By Kristin McMurran
January 15, 1979 12:00 PM

“Toto, I have a feeling we’re not in Kansas anymore.”

—Dorothy, in The Wizard of Oz

She is Glitter Chic incarnate, a flash of furs and facets and long cars. She sings, dances and, at $1 million a movie, is one of the three priciest actresses in the world (the others: Streisand and Dunaway). President Carter asked her to entertain at his last birthday party, and publishing executive Jackie Onassis is pressing her to do an autobiography. But no Kansas-bred Dorothy, spun off to Oz by a whirlwind, could be as disoriented as Diana Ross today. It’s not the money or the fame that makes the lady suddenly sing the blues. She’s been used to all that since the ’60s, when her Supremes outsold every other group except the Beatles. The problem, she confesses ruefully at 34, is “growing up. I had a very difficult year. I had another child, I just got divorced, I moved to Manhattan. It’s the first time I’ve really been on my own,” says Diana, “and it’s not easy.”

Splitting from her husband of six years, Robert Silberstein, in 1977 was rough enough, but she also loosened a more ancient tie, the Gordy-an knot. Motown founder Berry Gordy, 49, took a street-corner songstress of 16 and, Svengali-like, fashioned her into the lady whom Diana’s close pal Cher calls “one of the great performers of our time.” “He did it all for me,” Diana says of Gordy. “He was father, mother, brother, sister, lover.” And she leaned heavily on the Motown machinery that has made her one of the most carefully protected celebrities anywhere. She followed the company from Detroit to L.A., let it make her decisions and was once Gordy’s lady. Even during her marriage she reportedly took him on family skiing vacations.

“My wife belongs to that company,” a bitter Silberstein said before their divorce. “She’s totally dominated by a man who never read a book in his life. I just can’t stand it anymore to hear them calling Stevie Wonder a genius. What happened to Freud?”

“I wanted it that way,” says Ross. “It was safe.” But after 18 years of non-self-actualization, est disciple Diana has put a coast between herself and Gordy, though Motown still produces her records and movies. “I’ve wanted this freedom of space for so long,” she states. “I feel like Dorothy. Suddenly, BOOM, I’m in a whole new world.”

It started with a phone call to Gordy at 4:30 a.m. She’d just heard that Motown was producing the film version of The Wiz, a “magical, strange and wonderful” musical she’d admired on the stage, and she wanted to be Dorothy. “Berry grunted and said, ‘Have you been drinking?’ ” Diana recalls. And although he said she was too old for the role (many critics have since agreed), she was firm. “It’s ageless,” Ross insists. “I thought it was right for my career.” With the passage of two weeks and one director, she had won and was preparing to head for the New York location (the Oz of the all-black adaptation).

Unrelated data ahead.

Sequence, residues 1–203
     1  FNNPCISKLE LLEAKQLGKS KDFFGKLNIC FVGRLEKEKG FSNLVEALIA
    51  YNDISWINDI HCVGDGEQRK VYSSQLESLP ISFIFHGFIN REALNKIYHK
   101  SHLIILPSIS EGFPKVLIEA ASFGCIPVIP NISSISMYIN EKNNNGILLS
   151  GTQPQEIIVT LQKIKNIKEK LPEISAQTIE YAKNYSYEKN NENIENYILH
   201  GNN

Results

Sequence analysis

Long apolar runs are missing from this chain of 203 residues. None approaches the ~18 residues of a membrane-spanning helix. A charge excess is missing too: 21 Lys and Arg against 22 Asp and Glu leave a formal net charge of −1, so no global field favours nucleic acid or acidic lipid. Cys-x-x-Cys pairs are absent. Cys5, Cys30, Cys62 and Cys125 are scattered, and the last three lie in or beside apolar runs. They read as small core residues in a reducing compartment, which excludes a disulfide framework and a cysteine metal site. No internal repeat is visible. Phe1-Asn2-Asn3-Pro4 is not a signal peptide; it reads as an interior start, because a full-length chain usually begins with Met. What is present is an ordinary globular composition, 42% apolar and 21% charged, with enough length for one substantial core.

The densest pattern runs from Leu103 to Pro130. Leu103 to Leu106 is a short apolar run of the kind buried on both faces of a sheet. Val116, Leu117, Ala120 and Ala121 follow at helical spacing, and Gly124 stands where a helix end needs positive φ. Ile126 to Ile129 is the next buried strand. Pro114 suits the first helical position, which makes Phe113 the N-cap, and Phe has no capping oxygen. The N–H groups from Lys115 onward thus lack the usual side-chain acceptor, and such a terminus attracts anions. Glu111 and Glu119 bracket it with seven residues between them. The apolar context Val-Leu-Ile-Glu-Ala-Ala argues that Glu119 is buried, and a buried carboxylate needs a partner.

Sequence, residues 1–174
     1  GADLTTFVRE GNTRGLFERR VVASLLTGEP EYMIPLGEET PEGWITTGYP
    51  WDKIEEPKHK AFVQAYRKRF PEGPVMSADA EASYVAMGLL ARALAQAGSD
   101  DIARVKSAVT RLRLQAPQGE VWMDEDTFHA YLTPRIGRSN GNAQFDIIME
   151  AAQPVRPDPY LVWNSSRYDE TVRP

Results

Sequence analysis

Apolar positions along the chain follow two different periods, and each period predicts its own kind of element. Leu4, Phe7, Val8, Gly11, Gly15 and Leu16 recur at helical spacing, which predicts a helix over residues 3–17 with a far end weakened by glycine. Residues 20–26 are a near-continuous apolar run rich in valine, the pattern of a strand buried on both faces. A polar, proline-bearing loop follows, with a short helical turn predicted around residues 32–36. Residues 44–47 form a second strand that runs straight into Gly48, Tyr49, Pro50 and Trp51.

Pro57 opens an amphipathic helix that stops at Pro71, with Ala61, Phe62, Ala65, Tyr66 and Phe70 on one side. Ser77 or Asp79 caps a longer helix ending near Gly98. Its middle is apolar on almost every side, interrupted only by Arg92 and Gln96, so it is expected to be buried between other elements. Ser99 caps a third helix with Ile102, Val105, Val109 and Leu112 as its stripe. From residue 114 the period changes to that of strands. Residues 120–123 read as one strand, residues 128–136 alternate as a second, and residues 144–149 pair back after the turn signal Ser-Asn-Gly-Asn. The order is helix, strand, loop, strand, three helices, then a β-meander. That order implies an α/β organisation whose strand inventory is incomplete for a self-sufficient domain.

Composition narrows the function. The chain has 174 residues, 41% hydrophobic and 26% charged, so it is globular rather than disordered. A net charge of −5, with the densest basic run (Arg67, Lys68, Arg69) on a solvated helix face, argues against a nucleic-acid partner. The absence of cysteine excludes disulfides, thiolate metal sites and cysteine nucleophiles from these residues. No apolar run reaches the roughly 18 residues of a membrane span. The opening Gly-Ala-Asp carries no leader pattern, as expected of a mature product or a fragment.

She bought a copy of The Annotated Oz and began to underline it in Day-Glo pink. Then she put her 12-room Beverly Hills fortress on the market and moved her yellow Rolls and three daughters (Rhonda, 7, Tracee, 6, and Chudney, 3) to a co-op in Manhattan’s Sherry Netherland. “I sat in my empty apartment and looked out at the cars and people,” she remembers. “If I’d had time to think about it, it would have been very scary. Luckily, I was busy working.”

This was only her third movie, after having earned an Oscar nomination as Billie Holiday in 1972’s Lady Sings the Blues and done the rag-trade saga Mahogany in 1975. By reputation, Diana is a relentless worker. In The Wiz she did all her own stunt work, suffering broken fingernails, a leg injury (when clipped by the motorcycle of an Ozian monkey) and retina burns from gazing into the Wiz’s spotlight eyes. “I’m in a daze when I perform,” she shrugs. “I almost need somebody to hold me until I get back to my dressing room and reality.”

Her supporters on the set included Michael Jackson, 20, a protégé of Diana’s ever since his family Five began. “She’s so beautiful, inside and out,” he gushes, “and she can talk about anything: jewelry, hairstyles, est.” Then there was a new admirer, Wiz director Sidney Lumet, who declares that “watching Diana is like watching this supernova exploding—she’s stunning.” But, admirers aside, there’s no romance in her life. Diana hasn’t had a strong, steady pair of arms since the divorce. “I had a lovely marriage,” she says. “When you find someone that you can enjoy a lot of the same pleasures with—even if it’s sitting in front of the television late at night with a big sandwich—it’s terrific. Those pleasures I miss.”